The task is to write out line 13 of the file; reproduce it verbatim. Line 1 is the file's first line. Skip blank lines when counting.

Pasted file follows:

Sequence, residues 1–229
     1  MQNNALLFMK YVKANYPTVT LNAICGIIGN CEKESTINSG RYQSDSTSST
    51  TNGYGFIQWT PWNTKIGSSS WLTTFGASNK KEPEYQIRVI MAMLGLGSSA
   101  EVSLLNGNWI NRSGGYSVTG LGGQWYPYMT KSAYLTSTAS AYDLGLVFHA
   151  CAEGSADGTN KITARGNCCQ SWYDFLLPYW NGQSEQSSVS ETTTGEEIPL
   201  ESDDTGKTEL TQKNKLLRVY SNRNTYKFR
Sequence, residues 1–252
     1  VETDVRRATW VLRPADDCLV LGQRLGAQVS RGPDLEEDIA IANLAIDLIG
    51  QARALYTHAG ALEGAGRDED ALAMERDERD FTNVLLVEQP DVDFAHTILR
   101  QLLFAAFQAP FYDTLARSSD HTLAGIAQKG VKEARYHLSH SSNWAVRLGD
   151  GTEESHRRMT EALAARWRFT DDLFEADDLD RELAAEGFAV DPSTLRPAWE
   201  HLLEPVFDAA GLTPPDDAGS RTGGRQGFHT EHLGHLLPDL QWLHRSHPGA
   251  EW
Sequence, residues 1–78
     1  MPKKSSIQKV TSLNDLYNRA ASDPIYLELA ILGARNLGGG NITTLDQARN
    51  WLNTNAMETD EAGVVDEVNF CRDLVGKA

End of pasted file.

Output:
   251  EW